Doc 5: Best college football coaching backouts -- No. 2 Pete Carroll

Nick Bromberg
Dr. Saturday
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Pete Carroll after his last win as USC coach. (Getty Images)

This offseason we will count down various topics from Monday through Friday, bringing you the top five of the important and definitely some not so important issues in college football. It's the Doc Five, every week until we will thankfully have actual games to discuss.

TOP FIVE COACHING BACKOUTS

NO. 2 PETE CARROLL

Pete Carroll was never going to leave USC, right?

He had already had his chance in the NFL with the New York Jets and New England Patriots and he had restored USC to the top of the college football heap with a BCS Championship in 2005 and a Rose Bowl appearance in 2006. There was no other college job as desirable as his and a return to the NFL seemed unlikely.

Until the return happened.

Investigations surrounding USC running back Reggie Bush, the now unofficial 2005 Heisman winner, started in 2006. Bush was alleged to have received improper benefits, including the use of a house for his family in San Diego that was owned by the agent he signed with when he declared for the draft in 2006.

In September of that year, Yahoo Sports reported Bush, now a member of the New Orleans Saints, received cash and his family had stays at expensive hotels paid for.

Fast-forward to 2009. An investigation into the USC basketball team is combined with the Bush investigation. Then Carroll came under investigation for the hiring of Pete Rodriguez, whose employment would have broached the NCAA limits of coaching staffs.

Carroll still claims he knew nothing of the benefits that Bush received and said he "tried to do this exactly the right way" when it came to compliance and Rodriguez's hiring even as the Los Angeles Times reported he didn't clear the hire with USC's compliance office.

Amidst the controversy in 2009, Carroll's Trojans were 9-4, a down year by his then-lofty standards. The Seattle Seahawks were 5-11.

In January, 2010, Carroll was suddenly the coach of the Seahawks. With no penalties yet announced against the Trojans, it was an unexpected move, even to his players. Especially because it wasn't his first opportunity to jump back into the NFL.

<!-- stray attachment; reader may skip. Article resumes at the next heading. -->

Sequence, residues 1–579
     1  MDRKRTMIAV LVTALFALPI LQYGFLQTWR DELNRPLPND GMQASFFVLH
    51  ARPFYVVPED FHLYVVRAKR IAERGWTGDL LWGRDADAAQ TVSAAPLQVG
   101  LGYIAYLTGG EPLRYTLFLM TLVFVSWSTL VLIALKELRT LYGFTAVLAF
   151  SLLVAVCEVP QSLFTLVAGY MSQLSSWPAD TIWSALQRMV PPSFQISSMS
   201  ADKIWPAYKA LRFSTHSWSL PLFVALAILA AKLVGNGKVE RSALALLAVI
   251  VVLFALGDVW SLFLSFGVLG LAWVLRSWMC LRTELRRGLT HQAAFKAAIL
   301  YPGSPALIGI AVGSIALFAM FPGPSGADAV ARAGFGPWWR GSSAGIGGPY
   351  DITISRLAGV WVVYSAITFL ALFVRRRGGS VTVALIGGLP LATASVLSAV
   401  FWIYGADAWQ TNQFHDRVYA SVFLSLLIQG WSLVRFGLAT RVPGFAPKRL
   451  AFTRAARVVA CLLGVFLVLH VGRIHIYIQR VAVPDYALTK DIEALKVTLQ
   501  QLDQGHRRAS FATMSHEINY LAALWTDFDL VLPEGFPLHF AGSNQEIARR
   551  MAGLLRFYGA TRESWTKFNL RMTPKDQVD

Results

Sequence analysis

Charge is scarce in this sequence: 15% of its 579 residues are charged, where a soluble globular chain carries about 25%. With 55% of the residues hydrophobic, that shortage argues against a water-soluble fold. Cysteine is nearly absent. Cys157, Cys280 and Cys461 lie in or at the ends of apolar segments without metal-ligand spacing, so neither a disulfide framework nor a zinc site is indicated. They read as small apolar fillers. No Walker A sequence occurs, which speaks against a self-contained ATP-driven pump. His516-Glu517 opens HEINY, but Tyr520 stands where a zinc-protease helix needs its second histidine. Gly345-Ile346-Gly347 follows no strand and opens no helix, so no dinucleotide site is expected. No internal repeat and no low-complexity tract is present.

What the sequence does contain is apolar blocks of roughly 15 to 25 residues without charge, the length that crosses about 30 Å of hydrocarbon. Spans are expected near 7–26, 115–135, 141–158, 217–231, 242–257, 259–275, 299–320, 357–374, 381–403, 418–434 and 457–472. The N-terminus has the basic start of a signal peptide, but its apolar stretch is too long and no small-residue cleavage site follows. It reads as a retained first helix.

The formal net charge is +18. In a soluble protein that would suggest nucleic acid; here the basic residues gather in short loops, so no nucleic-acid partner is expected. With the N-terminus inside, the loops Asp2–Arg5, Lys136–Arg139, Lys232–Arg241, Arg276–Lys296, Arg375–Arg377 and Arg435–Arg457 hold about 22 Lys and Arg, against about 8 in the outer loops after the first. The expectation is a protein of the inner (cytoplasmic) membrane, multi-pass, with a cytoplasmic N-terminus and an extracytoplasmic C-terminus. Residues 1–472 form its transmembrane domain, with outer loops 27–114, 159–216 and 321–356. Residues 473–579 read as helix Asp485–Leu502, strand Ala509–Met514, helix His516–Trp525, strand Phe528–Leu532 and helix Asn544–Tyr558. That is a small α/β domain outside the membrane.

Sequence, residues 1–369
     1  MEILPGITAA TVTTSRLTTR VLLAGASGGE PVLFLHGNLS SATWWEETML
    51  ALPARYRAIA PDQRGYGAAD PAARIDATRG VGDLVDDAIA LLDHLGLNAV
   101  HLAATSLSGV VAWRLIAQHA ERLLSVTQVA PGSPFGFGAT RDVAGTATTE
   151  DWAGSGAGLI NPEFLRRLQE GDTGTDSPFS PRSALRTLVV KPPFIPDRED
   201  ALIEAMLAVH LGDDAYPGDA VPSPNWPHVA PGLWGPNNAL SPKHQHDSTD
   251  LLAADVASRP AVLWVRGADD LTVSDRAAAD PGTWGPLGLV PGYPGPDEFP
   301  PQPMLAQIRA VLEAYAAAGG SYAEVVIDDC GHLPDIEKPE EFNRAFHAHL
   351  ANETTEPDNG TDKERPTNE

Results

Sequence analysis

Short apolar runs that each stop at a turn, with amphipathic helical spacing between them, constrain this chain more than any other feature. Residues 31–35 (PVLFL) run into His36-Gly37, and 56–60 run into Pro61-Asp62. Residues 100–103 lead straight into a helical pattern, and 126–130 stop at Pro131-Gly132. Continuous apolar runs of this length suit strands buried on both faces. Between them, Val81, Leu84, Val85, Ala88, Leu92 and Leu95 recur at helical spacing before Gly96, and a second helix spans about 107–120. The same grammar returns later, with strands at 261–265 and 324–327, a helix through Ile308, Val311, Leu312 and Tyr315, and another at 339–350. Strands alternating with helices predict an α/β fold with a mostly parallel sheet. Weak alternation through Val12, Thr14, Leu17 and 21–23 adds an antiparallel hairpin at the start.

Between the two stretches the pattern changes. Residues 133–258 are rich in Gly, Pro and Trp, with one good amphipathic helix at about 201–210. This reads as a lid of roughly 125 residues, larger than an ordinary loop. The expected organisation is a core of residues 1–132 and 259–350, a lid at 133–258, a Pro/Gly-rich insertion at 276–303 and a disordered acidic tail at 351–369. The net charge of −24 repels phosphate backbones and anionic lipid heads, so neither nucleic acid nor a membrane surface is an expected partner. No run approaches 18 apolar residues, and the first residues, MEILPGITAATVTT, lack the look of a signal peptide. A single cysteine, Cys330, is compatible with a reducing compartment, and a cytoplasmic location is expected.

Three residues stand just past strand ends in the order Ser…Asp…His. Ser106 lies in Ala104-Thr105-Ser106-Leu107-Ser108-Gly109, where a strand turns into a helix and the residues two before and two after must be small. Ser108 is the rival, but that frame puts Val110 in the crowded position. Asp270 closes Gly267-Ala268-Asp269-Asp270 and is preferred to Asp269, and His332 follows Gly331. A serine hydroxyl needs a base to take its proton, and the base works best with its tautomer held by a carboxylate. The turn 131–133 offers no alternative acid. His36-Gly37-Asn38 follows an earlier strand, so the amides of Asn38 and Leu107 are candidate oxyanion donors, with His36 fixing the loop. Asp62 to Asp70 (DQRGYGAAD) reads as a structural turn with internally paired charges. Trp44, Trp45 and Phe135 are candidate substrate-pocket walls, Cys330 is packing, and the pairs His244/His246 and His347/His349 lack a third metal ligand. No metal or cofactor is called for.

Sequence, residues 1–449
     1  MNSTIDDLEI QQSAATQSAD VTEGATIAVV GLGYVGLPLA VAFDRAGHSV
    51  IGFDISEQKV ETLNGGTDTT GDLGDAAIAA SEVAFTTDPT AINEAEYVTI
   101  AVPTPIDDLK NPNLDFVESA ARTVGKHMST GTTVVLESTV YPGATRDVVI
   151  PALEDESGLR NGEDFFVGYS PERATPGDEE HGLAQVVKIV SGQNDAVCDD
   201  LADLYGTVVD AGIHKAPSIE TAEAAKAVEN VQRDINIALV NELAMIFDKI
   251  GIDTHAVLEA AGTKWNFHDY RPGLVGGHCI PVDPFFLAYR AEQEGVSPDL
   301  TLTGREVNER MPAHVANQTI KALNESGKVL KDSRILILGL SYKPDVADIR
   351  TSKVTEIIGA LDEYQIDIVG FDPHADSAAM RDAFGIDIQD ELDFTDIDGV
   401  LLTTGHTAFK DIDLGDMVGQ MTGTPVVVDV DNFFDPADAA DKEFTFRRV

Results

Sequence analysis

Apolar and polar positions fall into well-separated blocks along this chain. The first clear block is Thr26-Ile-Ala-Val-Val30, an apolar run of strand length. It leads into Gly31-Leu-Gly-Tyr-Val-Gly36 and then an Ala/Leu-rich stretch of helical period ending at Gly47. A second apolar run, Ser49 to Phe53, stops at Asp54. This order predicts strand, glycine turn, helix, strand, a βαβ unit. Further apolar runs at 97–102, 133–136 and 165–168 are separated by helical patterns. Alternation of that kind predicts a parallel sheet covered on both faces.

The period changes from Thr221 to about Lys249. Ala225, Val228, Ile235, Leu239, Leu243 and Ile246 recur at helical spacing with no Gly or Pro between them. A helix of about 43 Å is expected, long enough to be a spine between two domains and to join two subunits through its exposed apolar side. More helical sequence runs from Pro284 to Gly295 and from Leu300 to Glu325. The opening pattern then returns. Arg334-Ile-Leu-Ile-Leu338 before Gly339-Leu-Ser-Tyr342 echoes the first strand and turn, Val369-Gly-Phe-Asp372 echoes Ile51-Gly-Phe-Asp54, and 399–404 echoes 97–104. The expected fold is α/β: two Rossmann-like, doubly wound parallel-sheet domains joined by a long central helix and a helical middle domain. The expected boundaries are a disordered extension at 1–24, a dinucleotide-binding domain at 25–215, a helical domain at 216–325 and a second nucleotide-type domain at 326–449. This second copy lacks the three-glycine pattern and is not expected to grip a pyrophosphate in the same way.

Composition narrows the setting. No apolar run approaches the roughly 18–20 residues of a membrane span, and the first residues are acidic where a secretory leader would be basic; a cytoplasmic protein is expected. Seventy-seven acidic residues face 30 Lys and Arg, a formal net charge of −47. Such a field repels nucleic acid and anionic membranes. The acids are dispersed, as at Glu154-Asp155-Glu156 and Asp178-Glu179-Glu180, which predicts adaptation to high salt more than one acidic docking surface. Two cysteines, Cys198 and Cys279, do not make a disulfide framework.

Six months later, USC had a two-year bowl ban and a loss of 40 scholarships.

Carroll has long maintained his jump to the NFL wasn't a result of the impending sanctions. (Shortly after being hired by Seattle he and other members of USC's staff met with the NCAA.) However, there's a large segment of Trojan fans who will always wonder what could have been. If there were no punishments, would Carroll still be at USC? It's not a crazy thought.

The move has worked out well for him, as he's the third NFL coach to have a Super Bowl and a college football national title after winning the Super Bowl with the Seahawks in February.

It hasn't been as great for the Trojans. Lane Kiffin, a former Carroll assistant and Carroll's replacement, was fired in September after a 28-15 record in three-plus years. After interim coach Ed Orgeron took the Trojans to the Las Vegas Bowl, USC hired Washington coach Steve Sarkisian, another former Carroll assistant.

While Carroll may be four years removed from the school and the sanctions linger in the rear-view, the school still continues its ties to his 97 wins in an attempt to duplicate his success.

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Nick Bromberg is the assistant editor of Dr. Saturday on Yahoo Sports. Have a tip? Email him at nickbromberg@yahoo.com or follow him on Twitter!